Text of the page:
Department gets set to launch world’s only MA on The Beatles

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The Beatles statue

A unique new programme from the University of Liverpool’s Department of Music will examine the cultural and creative legacy of The Beatles.

Launching in September 2021, the MA in The Beatles: Music Industry and Heritage will explore how The Beatles, their music and their story are inextricably bound up within an increasing number of creative and cultural industries including music, media and social media, tourism, and heritage, amongst others. 

It will be the only programme of its kind globally, and will appeal not only to those currently working in or aiming to carve a career in the music and creative industries, but also museums and galleries, the arts, and the tourism and leisure sectors.

Students will have access to guest lecturers and opportunities to visit sites and venues that formed an intrinsic part of the band members’ early years.

Dr Holly Tessler, Programme Leader for the MA, said: “I’m absolutely delighted that we are able to bring formal study of The Beatles to the University, the Department of Music and the Institute of Popular Music – the world’s first specialist centre for the study of popular music.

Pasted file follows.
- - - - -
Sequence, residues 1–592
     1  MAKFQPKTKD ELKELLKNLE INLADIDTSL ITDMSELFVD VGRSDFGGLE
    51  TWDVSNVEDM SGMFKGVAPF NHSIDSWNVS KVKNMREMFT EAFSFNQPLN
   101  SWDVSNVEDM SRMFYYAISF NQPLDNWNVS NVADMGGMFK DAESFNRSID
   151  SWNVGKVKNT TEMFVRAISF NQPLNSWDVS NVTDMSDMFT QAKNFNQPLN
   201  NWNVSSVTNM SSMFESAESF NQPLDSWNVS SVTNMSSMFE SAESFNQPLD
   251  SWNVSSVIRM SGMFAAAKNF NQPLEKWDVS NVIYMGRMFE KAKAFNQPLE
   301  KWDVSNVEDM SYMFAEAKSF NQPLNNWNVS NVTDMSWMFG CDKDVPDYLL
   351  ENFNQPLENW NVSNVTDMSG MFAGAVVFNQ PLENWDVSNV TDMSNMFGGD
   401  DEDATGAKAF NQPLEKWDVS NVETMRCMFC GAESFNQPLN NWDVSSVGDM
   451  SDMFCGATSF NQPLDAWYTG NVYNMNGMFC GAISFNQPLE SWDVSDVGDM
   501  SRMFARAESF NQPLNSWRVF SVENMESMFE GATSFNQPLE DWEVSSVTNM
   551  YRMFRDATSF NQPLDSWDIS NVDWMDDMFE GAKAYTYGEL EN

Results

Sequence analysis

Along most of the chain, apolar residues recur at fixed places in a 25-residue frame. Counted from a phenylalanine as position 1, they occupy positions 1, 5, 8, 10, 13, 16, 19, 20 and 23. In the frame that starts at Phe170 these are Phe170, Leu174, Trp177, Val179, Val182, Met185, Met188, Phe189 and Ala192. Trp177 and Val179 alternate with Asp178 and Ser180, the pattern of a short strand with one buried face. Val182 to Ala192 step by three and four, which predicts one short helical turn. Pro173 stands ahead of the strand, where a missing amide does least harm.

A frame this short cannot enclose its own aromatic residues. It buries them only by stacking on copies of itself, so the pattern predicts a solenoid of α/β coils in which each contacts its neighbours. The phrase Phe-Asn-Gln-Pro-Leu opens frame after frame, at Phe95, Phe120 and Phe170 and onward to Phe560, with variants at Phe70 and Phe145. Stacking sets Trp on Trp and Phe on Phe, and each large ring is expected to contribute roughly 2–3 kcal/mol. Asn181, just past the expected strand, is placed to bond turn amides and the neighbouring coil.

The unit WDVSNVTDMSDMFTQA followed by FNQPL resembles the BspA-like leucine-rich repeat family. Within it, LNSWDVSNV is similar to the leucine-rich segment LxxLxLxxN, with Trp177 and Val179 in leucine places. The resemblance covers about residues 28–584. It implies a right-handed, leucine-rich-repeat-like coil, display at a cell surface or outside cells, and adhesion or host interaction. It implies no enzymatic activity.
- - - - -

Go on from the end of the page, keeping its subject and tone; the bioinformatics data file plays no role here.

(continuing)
“As The Beatles’ hometown, the city of Liverpool is uniquely placed to study both the historical and ongoing influence of the band, musically, culturally and industrially”.

Professor Catherine Tackley, Head of Music at the University of Liverpool commented: “The launch of this exciting new programme coincides with the opening of the Tung Auditorium in the Yoko Ono Lennon Centre, through which we will extend the University’s contribution to the rich musical and cultural life of this city with which the Department of Music is closely associated.

“We are excited to welcome the first students to study the MA in The Beatles in 2021”.

The Department of Music has a history of expertise in the cultural legacy of The Beatles. Dr Tessler is a prominent researcher is the field, while Dr Mike Jones is a member of the Beatles Legacy Group, which seeks to establish the economic value of Beatles tourism to Liverpool’s economy.

“Liverpool should be regarded not just as the birthplace of The Beatles, but their cradle”, said Dr Jones. “What The Beatles took to the world was, in part, Liverpool's unique culture.

“The introduction of The Beatles MA at last gives the University of Liverpool a framework to explore this deep, significant and lasting relationship”.

Applications for the MA in The Beatles: Music Industry and Heritage will open shortly. To find out more about the programme, or to register interest, visit the website.